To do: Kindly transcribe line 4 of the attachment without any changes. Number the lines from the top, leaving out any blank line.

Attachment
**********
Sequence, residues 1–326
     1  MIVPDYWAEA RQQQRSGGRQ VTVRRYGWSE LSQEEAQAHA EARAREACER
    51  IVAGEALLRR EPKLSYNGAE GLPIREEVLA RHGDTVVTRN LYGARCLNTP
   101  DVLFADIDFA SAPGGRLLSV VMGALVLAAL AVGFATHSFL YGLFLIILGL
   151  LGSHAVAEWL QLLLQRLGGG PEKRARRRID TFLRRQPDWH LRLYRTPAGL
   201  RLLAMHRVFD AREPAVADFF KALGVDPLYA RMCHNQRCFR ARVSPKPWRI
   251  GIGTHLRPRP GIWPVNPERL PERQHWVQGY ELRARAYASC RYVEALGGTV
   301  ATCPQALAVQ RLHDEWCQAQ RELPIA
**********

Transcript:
   101  DVLFADIDFA SAPGGRLLSV VMGALVLAAL AVGFATHSFL YGLFLIILGL